I did an entirely unscientific survey today of the table of contents of the several journals from March 1 through May 31, 2015. I evaluated the titles of original research and systematic review articles for their usefulness to a general internist. I considered an article useful if it informed me of information that, as a general internist, I could use to take care of an outpatient or inpatient (non-ICU). I then did a simple proportion of useful studies divided by total studies published. Admittedly there are major limitations of my study but it was informative. Here’s what I found (from least to most useful):
- NEJM 20.4% useful
- Annals of Internal Medicine 25%
- Lancet 29.5%
- JAMA 32.4%
- BMJ 46.1%
- JAMA Internal Medicine 61.5%
I postulated that predigested/preappraised journals would be more useful and they were.
- BMJ EBM 52.2% (2 caveats here: I am an associate editor of BMJ EBM so I have that conflict, and BMJ EBM publishes pediatric, OB/GYN and surgical studies also. Thus, the % of articles for a general internist is reduced as the total number of articles published is fixed at 23 per issue)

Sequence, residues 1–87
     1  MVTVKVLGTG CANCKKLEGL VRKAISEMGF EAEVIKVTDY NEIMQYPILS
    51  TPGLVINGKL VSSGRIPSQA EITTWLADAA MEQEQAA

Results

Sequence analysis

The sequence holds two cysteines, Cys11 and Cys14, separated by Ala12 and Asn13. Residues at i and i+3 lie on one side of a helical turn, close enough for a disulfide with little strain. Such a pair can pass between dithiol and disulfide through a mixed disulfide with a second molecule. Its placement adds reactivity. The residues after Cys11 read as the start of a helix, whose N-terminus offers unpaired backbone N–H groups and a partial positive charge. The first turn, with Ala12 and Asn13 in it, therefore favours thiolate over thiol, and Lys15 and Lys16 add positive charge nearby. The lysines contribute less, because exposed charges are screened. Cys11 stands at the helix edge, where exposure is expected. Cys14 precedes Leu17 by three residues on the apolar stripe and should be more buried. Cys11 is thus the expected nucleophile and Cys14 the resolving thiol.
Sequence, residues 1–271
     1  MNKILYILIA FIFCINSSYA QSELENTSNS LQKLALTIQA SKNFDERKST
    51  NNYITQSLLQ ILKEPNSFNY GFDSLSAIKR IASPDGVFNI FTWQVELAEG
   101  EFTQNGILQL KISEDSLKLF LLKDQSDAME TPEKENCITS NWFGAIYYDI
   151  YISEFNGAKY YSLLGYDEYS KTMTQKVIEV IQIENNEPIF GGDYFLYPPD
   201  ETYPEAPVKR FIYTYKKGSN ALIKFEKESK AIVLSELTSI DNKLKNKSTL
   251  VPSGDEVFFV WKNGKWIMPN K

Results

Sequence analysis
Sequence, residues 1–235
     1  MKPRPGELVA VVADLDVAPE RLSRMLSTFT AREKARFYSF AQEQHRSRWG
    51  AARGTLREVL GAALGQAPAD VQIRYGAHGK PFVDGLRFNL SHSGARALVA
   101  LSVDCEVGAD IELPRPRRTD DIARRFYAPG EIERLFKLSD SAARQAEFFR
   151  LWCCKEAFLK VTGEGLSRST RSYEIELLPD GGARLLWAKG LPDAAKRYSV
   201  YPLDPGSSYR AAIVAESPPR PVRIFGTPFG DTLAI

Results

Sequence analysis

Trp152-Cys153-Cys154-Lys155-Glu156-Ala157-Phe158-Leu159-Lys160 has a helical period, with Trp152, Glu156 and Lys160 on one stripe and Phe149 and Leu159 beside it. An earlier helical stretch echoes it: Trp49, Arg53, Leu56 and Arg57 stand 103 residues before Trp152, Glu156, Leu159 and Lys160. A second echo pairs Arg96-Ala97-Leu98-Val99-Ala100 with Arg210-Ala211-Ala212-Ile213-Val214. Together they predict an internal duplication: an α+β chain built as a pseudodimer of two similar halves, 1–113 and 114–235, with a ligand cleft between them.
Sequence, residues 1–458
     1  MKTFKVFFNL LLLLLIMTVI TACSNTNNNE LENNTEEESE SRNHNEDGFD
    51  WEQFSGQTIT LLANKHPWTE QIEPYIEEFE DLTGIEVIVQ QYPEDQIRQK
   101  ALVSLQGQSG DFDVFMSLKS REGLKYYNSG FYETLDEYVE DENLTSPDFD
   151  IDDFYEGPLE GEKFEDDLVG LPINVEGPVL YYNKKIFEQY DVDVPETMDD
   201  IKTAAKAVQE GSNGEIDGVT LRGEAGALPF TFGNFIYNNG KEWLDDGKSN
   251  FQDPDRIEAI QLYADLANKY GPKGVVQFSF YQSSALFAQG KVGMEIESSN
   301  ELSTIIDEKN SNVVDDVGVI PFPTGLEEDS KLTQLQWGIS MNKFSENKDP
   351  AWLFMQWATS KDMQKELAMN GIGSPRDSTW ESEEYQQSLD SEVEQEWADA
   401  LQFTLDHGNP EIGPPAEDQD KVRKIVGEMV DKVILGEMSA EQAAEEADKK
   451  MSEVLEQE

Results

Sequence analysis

- ACP Journal Club 65.7%
Does this surprise you one way or another? Did you expect an even lower percentage or a higher percentage for each journal?
This could be a useful technique to decide which journal(s) to subscribe to. Review the main ones in your area and decide which contains the best content and focus on those journals. Don’t rely on reputation of the journal alone.
Alternatively, get BMJ EBM or ACP Journal Club and read it cover to cover. You will be very up to date if you do that. Only clinically important and methodologically sound articles make it into these publications. In addition, these journals include expert commentary about each article.